San Francisco passes resolution opposing discriminatory CAA, NRC and NPR

The resolution was passed unanimously and stated that the CAA, NRC and NPR would create a massive refugee and health crisis


The Alliance for Justice and Accountability (AJA), an umbrella organization of progressive South Asian groups across the United States, in coordination with the local San Francisco community, today welcomed the resolution passed by the San Francisco Board of Supervisors denouncing India’s draconian Citizenship Amendment Act (CAA), the National Register of Citizens (NRC) and the National Population Register (NPR).

The resolution was jointly worked upon by AJA and other local San Francisco organizations like the American Institute of Islamic History and Culture, San Francisco Interfaith Council, the San Francisco Human Rights Commission and the San Francisco Muslim Community Center, AJA said in a statement.

San Francisco has now become the sixth city in the US after Seattle (Washington), Albany (New York), St. Paul (Minnesota), Hamtramck (Michigan) and Cambridge (Massachusetts) to pass a resolution denouncing the CAA, NRC and NPR.

CAA and NRC violate norms of a secular democracy

In its statement, AJA said the CAA and NRC sought to render millions of people among minorities and caste oppressed stateless, for many had been living in India for generations but did not have caste certificates. It added, “Their use of religion as a criterion for selectively granting citizenship to immigrants of certain communities is a flagrant violation of all norms of secular democracies besides being inconsistent with India’s Constitution that guarantees equality before the law for people of all faiths.”

The resolution which was passed by a unanimous vote categorically opposed the CAA, NRC and NPR as “discriminatory to Muslims, caste oppressed, women, indigenous peoples, and the LGBTQ community.” It also denounced “any other efforts that render vulnerable populations anywhere to become stateless, scapegoated, and targeted for discrimination, violence, and the abrogation of human rights that are universal to one and all.”

It also raised concerns on how the CAA and NRC would create a massive refugee and health crisis and mentioned that the bigoted policies of President Trump had been mirrored by Indian PM Narendra Modi and the BJP and their alarming ideology that Hindus are racially and culturally superior to others.

Hala Hijazi, a Commissioner on the San Francisco Human Rights Commission and a board member of the San Francisco Muslim Community Center and San Francisco Interfaith Council, expressed pride in the City and County of San Francisco. Hijazi was quoted as saying, “When genocidal campaigns begin, one important intervention is international condemnation, and the Bay Area community feels a deep sense of solidarity with their elects, as the time to stand against the Indian government’s Islamophobic policies is now.”

AJA quoted Sharmin Hossain of Equality Labs who stated that the resolution highlighted the significance of standing up for caste-oppressed minorities and said, “Thousands of organizers across the country have called, e-mailed, and organized to amplify this Resolution, and it sets an example to cities across the United States – that we do not stand on the side of genocide.”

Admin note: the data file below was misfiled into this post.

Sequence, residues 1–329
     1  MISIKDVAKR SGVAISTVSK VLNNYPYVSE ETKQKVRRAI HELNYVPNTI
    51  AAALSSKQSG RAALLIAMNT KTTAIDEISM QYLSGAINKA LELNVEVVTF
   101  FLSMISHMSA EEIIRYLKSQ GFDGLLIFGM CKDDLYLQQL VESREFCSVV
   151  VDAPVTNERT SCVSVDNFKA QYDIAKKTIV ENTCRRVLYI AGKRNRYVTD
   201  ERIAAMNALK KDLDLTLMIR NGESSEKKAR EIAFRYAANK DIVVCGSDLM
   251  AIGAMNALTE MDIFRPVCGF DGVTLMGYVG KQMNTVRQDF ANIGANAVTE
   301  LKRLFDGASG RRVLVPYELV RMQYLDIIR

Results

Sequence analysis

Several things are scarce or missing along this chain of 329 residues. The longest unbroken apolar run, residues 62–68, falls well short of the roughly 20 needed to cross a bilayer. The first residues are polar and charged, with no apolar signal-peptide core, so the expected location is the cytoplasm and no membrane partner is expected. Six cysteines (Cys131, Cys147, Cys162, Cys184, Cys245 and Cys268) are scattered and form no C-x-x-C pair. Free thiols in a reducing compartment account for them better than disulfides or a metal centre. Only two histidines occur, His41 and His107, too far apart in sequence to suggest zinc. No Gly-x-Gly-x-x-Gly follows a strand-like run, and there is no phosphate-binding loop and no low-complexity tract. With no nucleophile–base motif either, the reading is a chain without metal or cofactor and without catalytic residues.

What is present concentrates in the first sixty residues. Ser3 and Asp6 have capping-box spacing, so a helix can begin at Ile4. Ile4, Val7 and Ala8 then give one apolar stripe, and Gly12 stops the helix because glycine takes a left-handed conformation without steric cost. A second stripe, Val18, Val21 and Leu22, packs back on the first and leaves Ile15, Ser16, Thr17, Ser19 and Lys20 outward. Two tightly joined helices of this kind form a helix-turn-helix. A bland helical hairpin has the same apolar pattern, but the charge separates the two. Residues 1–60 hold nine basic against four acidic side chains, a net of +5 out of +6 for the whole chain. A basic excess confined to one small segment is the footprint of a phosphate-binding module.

Nazeer Ahmed of the American Institute and Institute of Islamic History and Culture said, “India is creating a refugee crisis of biblical proportions. It will impact civil society in many parts of the world including the United States.”

Mentioning that Genocide Watch had issued two separate genocide alerts for the states of Assam and Kashmir, Mr. Ahsan Khan, President of Indian American Muslim Council (IAMC) said, “In this context, San Francisco’s decision to stand with oppressed minorities in India sends a clear message on where people of conscience around the world stand in regards to the deepening crisis in India. Today’s development will resonate across the US and beyond.”

In conclusion, the resolution called on the support of other municipalities in the US to urge the Parliament of India to uphold the Indian Constitution by repealing the Citizenship Amendment Act, stop the National Register of Citizens, close all detention facilities detaining de-naturalized citizens, take steps towards helping refugees by ratifying various UN treaties on refugees, explore U.S. and U.N. sanctions.

Previously too, the Indian government has been called out for its failure to preserve India’s flailing social fabric.

Last month, US Democratic presidential nominee Joe Biden called out the Centre’s repression of minority communities in India, especially the treatment of people in Kashmir in wake of the abrogation of Article 370.

Prior to that, The United States Commission on International Religious Freedom (USCIRF) in its Annual Report for 2020 painted a bleak picture of how India treated her religious minorities. It had recommended that the US Government not only designate India as a Country of Particular Concern (CPC), but also impose targeted sanctions on Indian government agencies.

Under-Secretary-General Adama Dieng, United Nations Special Adviser on the Prevention of Genocide had also raised several key questions about the growth of hate speech and especially the targeting of the Muslim community in wake of the enactment of the Citizenship Amendment Act (CAA) and the nationwide agitation against it.

The complete resolution by the City and County of San Francisco may be read below.


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